12 Feb It takes skill to depict, as Miss Renault has done, this half-man, half Courtesan who is so deeply in love with the warrior.”–The Atlantic. 17 Sep The Persian Boy is the middle book in Mary Renault’s Alexander Trilogy. It was published simultaneously by Longman (London) and Pantheon. 7 Aug In the second novel of her stunning trilogy, Mary Renault vividly imagines the life of Alexander the Great, the charismatic leader whose drive.
Abducted and gelded as a boy, Bagoas was sold as a courtesan to King Darius of Persia, but found freedom with Alexander after the Macedon army conquered his homeland. When she apologized Alexander’s words were, “He too is Alexander, Madam.
Breakfast with the Tye Details. All Of Us There Details.
Some Tame Gazelle Details. BUT he was referred to as Alexander’s “most Beloved” and Alexander did indeed kiss him in public after he won the dancing competition.
Anne peersian Green Gables Details. This is a novel to read and re-read, just to enjoy the sublime prose. Before learning more about his life, I had thought that his conquests were merely to quench his thirst for power – to be the King above all Kings; the Great King.
The Persian Boy by Mary Renault |
Roman commentators opposed to imperial rule] unconvincing attempts to show Alexander corrupted by success are clear enough. In addition to vivid fictional portrayals of Theseus, Socrates, Plato and Alexander the Great, she wrote a non-fiction biography of Alexander.
The Vet’s Daughter Details. Bagoas’ narration provides both a Persian view of the conquest and persiaj intimate look at the personality of the conqueror. Circles Of Deceit Details. Not a Member Yet? That Alexander may have been attracted to a eunuch is possible enough, and there is certainly testimony that he kept Bagoas with him at least some of the time.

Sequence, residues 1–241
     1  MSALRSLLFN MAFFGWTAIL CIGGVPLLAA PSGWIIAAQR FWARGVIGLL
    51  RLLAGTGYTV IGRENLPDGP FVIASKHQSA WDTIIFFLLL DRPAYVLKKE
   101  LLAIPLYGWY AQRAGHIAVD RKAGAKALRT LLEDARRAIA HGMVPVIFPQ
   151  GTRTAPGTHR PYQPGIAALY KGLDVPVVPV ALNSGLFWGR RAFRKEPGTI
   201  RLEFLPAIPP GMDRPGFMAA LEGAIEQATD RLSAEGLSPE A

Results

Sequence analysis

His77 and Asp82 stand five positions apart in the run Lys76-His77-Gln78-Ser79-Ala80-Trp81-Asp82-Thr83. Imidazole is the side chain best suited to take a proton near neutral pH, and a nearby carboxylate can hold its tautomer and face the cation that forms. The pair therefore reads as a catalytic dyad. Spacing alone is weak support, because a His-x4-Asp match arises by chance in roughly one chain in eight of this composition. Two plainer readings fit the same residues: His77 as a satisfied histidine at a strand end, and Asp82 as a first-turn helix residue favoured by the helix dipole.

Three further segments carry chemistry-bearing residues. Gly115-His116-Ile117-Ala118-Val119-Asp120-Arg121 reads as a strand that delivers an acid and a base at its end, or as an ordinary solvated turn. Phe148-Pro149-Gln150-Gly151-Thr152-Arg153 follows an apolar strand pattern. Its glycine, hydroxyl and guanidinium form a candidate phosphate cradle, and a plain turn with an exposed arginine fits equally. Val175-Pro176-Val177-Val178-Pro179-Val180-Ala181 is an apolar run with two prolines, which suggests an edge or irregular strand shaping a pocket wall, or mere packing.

The potential for jealousy between Bagoas and Hephaistion has been tthe, as well as the romantic relationships between Alexander and these two most notable male partners. I didn’t feel like I was missing anything. All my sense of the ancient world – its values, its style, the scent of its wars peraian passions – comes from Mary Renault.
Interestingly, Renault has a pertinent comment in her author’s note regarding what has been seen as a very renult debate in historical fiction the book was published in ; dedication to historical accuracy.
On the other hand, I wonder if I can really blame Renault for this. Goodreads is the world’s largest site for readers with over 50 million reviews. From Wikipedia, the free encyclopedia. genault
The Persian Boy : Mary Renault :
Once I got home for winter break, I was looking for something to read and remembered that I had this, so I figured – what the heck, why not.
E’ proprio un suo talento aver creato un personaggio a tutto tondo. Julian is a gifted actor but denies himself the career he longs for, and she senses that beneath his charm and humour something is holding him back. In this House of Brede Details.
The Persian Boy